Altruis shares 5 key performance indicators your revenue cycle manager should track for optimal healthcare performance.
How Can a Healthcare Organization Improve its Revenue Cycle Management?
A big way healthcare organizations can identify ways to improve their billing and revenue cycle management is by establishing key performance indicators (KPIs). KPIs show the strength and health of an organization. By monitoring KPIs, a revenue cycle manager can establish whether a healthcare center is hitting or missing benchmarks for industry standards and strategic goals.
Together, your KPIs indicate whether your organization is stable enough to stay profitable. How do your KPIs measure up? Here are 5 key KPIs to track:
- Third-Party Payments
- Clean Claims Rate
- Accounts Receivable
- Code Summary
Third-party payments are the financial sustenance of community healthcare organizations. Payors like Medicaid, Medicare, the Children’s Health Insurance Program (CHIP), and private insurance provide a constant reimbursement flow for enrollees’ medical care.
Keep an eye on the rolling 12-month year-over-year revenue from third-party payments. Look at trends in third-party payments over time by month and carrier group to see if there are any red flags, especially if certain carrier groups are trending downward.
Address any negative trends immediately and determine if underlying issues limit revenue captured from certain sources. The revenue cycle manager should take fast action to optimize the revenue cycle to prevent losses in third-party reimbursements.
Clean Claims Rate
An organization’s clean claims are the reimbursement claims that make it through the process the first time without rejections or denials. A high clean claims rate typically means a healthcare center follows excellent reimbursement procedures.
The Medical Group Management Association (MGMA) calls clean claims “hidden treasure” in a healthcare organization. A consistently high clean claims rate has a strong connection to healthy revenue.
KPIs closely related to clean claims include the collection rate, payment velocity, and aging.
- Collection rate: This is the number/dollar value of paid vs. unpaid services by month or year.
- Payment velocity: This measures how quickly an organization is paid by insurance companies/patients, typically measured in the number of days from service.
- Aging: This shows the age of outstanding invoices and typically focuses on unpaid invoices after 30, 60, 90, or more days.
The revenue cycle manager should always have a firm grasp on a health organization’s accounts receivable (AR), which shows money due but not collected. The AR over 90 days, also called the “percentage over 90,” shows how successfully the health center is collecting amounts due within 3 months of the service date.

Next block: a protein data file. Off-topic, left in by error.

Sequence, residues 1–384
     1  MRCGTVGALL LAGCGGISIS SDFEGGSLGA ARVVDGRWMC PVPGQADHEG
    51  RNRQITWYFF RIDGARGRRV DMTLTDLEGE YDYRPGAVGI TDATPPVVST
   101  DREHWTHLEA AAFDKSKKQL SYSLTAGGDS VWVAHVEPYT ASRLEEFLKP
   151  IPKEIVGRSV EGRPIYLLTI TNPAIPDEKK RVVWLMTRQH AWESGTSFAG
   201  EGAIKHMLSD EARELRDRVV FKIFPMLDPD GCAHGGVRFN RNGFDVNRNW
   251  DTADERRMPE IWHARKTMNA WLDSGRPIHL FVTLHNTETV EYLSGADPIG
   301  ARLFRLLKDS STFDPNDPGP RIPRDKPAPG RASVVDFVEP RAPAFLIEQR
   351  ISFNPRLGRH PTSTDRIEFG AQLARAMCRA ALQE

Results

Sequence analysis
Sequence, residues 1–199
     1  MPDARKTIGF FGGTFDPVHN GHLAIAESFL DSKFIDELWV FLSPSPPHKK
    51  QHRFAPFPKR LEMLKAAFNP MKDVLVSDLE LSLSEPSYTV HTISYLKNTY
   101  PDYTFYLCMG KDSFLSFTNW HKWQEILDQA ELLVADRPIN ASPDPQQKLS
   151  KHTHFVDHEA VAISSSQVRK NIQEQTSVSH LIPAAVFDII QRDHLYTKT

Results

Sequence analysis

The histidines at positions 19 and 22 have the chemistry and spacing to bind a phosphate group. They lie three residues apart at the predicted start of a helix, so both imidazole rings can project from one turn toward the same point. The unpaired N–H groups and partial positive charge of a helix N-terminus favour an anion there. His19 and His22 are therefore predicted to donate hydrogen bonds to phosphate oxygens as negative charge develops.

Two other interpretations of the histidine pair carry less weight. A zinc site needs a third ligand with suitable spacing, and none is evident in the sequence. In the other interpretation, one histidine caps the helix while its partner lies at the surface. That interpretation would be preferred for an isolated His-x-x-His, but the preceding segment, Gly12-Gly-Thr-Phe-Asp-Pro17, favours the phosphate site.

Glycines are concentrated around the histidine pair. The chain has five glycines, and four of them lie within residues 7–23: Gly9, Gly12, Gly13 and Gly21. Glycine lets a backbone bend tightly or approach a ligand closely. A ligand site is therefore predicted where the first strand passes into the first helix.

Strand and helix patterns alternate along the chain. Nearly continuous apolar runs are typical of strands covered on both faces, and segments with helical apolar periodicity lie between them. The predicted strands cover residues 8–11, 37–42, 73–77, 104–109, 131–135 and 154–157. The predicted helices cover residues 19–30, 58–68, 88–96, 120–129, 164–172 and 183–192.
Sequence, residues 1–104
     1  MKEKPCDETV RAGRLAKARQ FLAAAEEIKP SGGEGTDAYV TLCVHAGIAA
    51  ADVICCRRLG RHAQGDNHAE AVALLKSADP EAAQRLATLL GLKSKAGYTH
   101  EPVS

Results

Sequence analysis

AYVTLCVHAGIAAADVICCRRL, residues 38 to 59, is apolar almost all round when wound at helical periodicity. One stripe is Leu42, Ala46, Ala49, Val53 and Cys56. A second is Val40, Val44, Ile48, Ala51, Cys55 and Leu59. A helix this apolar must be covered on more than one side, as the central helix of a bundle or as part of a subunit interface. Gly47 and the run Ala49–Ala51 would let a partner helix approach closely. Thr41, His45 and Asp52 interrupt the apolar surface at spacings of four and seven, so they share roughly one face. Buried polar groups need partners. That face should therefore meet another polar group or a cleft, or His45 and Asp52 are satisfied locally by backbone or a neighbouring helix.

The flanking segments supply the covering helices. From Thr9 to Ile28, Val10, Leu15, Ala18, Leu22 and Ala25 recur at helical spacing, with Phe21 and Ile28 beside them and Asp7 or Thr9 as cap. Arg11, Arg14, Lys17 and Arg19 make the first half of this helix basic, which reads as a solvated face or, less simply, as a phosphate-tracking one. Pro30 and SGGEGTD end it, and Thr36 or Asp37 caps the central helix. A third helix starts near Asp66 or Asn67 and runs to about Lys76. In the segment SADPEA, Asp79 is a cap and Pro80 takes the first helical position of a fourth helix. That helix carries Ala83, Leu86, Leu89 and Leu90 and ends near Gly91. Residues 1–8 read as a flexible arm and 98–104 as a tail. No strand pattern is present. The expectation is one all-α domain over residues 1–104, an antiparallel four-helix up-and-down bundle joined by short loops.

In addition to examining the short-term picture, it’s vital to pay attention to trending AR data over long stretches of months and years. Choose a benchmark and strive to hit it consistently every month.
Watch the net AR day rolling figure over 12 months to see any concerning trends that indicate the collection rate isn’t as strong as it could be. Look at year-over-year trends, clarifying the healthcare center’s long-term financial status.
Reimbursement denials and rejections are a constant challenge. More than half of all providers have seen increases in denials in recent months. However, review of the top issues causing these denials and rejection can identify the most impactful action items to improve reimbursement. Typically resulting in training opportunities for Front Office or process flow improvements that may be required.
While a certain level of denials/rejections is a normal part of the reimbursement process, a high rate indicates a need for refinement of revenue cycle management. Check the following indicators for signs of trouble.
- Number of denials and rejections by month, rolling over 12 months
- Dollar value of denials and rejections by month, rolling over 12 months
- Denials in the current month vs. the monthly average
- Denial volume and dollars by category
- Trends over time
The primary categories to track regarding denials are eligibility errors, provider issues, member issues, non-covered claims, missing/invalid information, and procedural codes/modifier issues. Always keep in mind that denied claims are not the same as rejected claims, and these should be separated into two paths for resubmission and appeal as needed for maximum reimbursement.
Coding issues are among the top reasons for denials and rejections in medical billing. This is why the revenue cycle manager should prevent coding errors from happening in the first place. When they do happen, address them as quickly as possible to minimize the impact.
What are your organization’s top 5 coding issues? Track these carefully to get to the bottom of persistent coding problems that hinder revenue-capturing activities. Identify training needed and consider utilizing Certified Coders to ensure accuracy and compliance.
Altruis has found that the top coding issues tend to be:
- Diagnostic (DX) adjustments
- Evaluation and management (E&M) level adjustments
- Televisit code adjustments
- Modifier additions
- Point of sale (POS) corrections
As you examine coding-related KPIs, check for coding outliers and errors while comparing your practice to national statistics. Look carefully at your trending numbers over time to see if you’re making a measurably positive impact on revenue.
Altruis: Your Revenue Cycle Manager
When you need to track and improve your KPIs, Altruis can help. We’re your full-service healthcare revenue cycle management partner. We’d love to show you how we use KPIs to drive measurable improvements in healthcare performance, so please schedule a call now.